be 'reported. The policy" does: not say all shipments shall be rtlported. It does notaay, how they shall be reported. In this vespect the policy is quite different from that issued by the same iIiSUl'ance company to the, Toledo, St. Louis & Kansas City Rail· Iioad.!Company in 1892. The. provision in that policy read: "The assured agrees to report all shipments to this company, and a failure to repollt the full value of each and every shipment shall render this insurance null and void." This policy was allowed to' be offered' in evidence for the purpose of showing the previous agreement and understanding between the insured and the insurer, and especially to show the. change in the practice Of . reporting shipments as directed by the agents of the insurance company. This policy of 1892 was issued by the same general agents, Smith, Da"\thf:& Co.,' at Buffalo, N. Y., who issued to the same railroad conipanythepolicy of 1893 and the policies of 1890 and 1891. The . in the policy of· 1893 of the clause just above quoted, Whl!li'taken in connection with the instructions and practice establisbedby the agents of the insurance company with reference to repbrts made of shipments, is very significant, and throws a great deal of light upon the true nature of this insurance contract. The clause in the policy of 1893 upon which this action is based, which provides, ''No shipment to be considered as insured until approved and indorsed hereon by this company," could not ha"\tebeen intended to be literally complied with, for it was a physical impossibility, in fact, to have made such indorsements upon the policy. No space was provided for such indorsements. No blanks were provided for such indorsements. The mode of reporting was otherwise provided through the general agents of the insurer. Blank books were furnished to the general agents, and by them furnished to the local agents of the insurance com· pany, who, in turn, furnished the same to the agents of the insured; and in these books were certain printed directions, which, with the oral instrUctions given by the agents of the insurance com· pany, and a custom which was prescribed and carried out by these age:i::tt!t; made and established a certain fixed method for doing this business, which must have been w(;ll known to the general agents of the insurance company and to the company itself. The printed indorsement on these blank books so furnished by the insurance company read as follows: "This book is made part of Orient policy No. 156, and all risks entered herein are subject to all its terms and conditions." The instructions contained in the books and directions given by the respondent's agents were that the agents of the receiver at Toledo and Buffalo were to enter in the forms prescribed in the books such package freight as the insured desired to be covered by the risk. These entries were made as each boat was loaded. The values were placed in the proper column,' and . the amount of premium to be paid was entered in its proper place. At the end of each month, these books, with their entries, were examined by the local agents, and compared, and the premiums then paid. The local agents of the respondent had the right, under the policy, to examine all the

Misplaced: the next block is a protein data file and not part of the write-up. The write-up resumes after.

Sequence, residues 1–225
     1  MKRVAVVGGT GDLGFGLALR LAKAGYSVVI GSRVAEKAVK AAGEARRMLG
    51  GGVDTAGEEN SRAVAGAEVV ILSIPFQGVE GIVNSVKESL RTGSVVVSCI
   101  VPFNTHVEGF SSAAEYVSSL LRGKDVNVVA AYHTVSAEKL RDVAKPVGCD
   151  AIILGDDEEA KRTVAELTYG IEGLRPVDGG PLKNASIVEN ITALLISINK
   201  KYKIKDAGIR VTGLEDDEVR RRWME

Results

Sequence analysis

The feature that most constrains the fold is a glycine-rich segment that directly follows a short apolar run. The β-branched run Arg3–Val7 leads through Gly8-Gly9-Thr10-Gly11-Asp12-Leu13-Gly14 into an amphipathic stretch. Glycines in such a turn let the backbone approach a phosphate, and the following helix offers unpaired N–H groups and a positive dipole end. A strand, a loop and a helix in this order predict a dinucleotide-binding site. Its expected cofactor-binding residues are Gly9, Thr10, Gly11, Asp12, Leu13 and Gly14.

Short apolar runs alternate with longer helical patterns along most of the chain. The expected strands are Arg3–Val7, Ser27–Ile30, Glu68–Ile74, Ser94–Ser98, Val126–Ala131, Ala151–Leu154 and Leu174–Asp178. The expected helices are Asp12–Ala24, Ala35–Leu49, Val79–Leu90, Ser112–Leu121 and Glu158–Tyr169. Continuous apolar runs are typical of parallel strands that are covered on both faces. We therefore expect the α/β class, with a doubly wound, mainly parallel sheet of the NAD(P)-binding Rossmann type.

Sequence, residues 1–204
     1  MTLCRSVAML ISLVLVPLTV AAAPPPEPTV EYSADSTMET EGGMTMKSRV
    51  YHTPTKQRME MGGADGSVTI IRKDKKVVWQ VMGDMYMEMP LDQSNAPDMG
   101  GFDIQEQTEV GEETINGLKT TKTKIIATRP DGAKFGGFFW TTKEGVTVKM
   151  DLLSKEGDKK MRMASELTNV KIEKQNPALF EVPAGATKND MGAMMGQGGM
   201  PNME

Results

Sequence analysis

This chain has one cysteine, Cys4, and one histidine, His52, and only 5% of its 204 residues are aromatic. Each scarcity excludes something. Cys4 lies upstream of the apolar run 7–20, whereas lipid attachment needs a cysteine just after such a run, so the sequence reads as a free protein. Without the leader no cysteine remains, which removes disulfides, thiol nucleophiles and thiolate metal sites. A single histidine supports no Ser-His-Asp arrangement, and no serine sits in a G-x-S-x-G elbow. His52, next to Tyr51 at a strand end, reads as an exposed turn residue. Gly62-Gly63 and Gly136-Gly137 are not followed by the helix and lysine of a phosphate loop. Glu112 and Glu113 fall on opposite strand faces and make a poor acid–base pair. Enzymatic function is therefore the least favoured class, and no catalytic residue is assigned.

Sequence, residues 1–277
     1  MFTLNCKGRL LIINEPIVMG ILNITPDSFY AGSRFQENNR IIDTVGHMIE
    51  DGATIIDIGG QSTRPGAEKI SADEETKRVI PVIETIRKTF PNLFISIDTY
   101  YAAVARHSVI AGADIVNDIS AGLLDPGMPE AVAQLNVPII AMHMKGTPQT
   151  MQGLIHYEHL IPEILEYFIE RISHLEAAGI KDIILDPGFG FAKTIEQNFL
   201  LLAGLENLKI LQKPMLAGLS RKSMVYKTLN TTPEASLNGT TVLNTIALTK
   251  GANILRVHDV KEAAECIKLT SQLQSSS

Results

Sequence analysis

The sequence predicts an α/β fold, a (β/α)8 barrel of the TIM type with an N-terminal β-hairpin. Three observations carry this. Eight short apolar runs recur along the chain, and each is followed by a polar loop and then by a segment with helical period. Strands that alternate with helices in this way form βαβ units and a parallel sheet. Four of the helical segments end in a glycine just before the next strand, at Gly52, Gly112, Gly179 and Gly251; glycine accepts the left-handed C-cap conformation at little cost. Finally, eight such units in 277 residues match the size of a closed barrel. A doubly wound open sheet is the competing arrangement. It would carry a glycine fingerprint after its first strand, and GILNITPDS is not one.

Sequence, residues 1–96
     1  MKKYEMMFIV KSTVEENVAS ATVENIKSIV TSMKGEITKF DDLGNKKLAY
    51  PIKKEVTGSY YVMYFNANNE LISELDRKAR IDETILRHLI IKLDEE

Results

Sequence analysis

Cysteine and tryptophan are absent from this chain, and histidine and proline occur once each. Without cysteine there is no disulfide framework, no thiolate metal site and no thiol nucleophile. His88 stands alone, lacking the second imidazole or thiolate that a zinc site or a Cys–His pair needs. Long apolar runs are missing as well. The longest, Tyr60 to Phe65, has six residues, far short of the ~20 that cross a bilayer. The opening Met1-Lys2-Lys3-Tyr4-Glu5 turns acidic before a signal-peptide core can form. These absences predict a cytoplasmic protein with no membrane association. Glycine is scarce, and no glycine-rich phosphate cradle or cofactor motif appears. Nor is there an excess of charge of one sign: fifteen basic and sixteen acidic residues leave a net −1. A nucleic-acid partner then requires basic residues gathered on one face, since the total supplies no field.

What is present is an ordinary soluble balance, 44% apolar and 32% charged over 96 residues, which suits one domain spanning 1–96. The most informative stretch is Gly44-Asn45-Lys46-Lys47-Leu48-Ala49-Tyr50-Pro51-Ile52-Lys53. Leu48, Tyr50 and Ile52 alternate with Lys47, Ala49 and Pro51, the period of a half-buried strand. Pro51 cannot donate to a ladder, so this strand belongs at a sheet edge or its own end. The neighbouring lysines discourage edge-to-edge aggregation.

CALLAWAY 11. ORIENT INS. CO.
books and bills of lading, and all papers of the insured by which to test the correctness of the entries made in the books. The latter were a part of the policy. As no space was left on the policy for the indorsements required, the books supplied the want. They were therefore a part of the contract, and the manner of their use was to be prescribed by the local agents of the insurance company. It appears from the testimony ,that these books were furnished to the agent of the receiver at Buffalo by Smith, Davis & Co., the general agents of the company, conspicuously advertised in the company's policy as its "General Agents." The mode of making the entries in the books was known to them. As these methods were not in violation of any provision of the insurance policy, and did not vary or contradict the terms thereof, it was entirely proper that the instructions of the general and local agents of the company should be shown by testimony, and the custom for doing this part of the busines,s prescribed by them was clearly within the scope of their authority. The practice for three seasons, followed by the agents of both parties, was in perfect accord with the forms, blanks, and books furnished by the company. We may justly conclude the' practice was pre· scribed by the company, and known to and ratified by it. I am clearly of the opinion that the company has no pretext whatever for refusing to recognize the act of its agents and the mode in which they carried on business with the receiver. It must have been known that the same mode of carrying on business had been recognized in the two preceding seasons of 1890 and 1891, when its same general agents, executed the same kind of a policy. I do not find in the proof, or in any provision of the policy of insurance, any basis for the claim that, because some freight was shipped in cargoes where most of the package freight was reported and insured, such failure to insure all shipments avoided the policy. The receiver's agents made no secrecy of the fact that they did not insure freight which the consignors themselves had insured. That would have been double insurance. The practice was well known to the agents of the insurance company, for' they insured such freight in their own offices for the benefit 01 other insurance companies. It seems plain to me, therefore, that this policy provided for future insurance, and that each indorsement of shipment made in the books provided and furnished by the insurance company for that purpose was a contract of insurllnce under the policy. This was what the practice and cusrtom prescribed by the books furnished by the company itself, and by the instructions of its agents, clearly contemplated. They also understood it, and I think the contract was binding, and was supported by the consideration provided by the policy. The libelant may therefore have a decree for the amount of shipment$ indorsed in the books for the cargo of the Dean Richmond for October 13, 1893. The loss of this cargo was proven, and the fact not controverted by the company. If counsel can agree on the amount, it may be so entered; otherwise there may be a reference to a master in the usual way. v.63F.no.6-53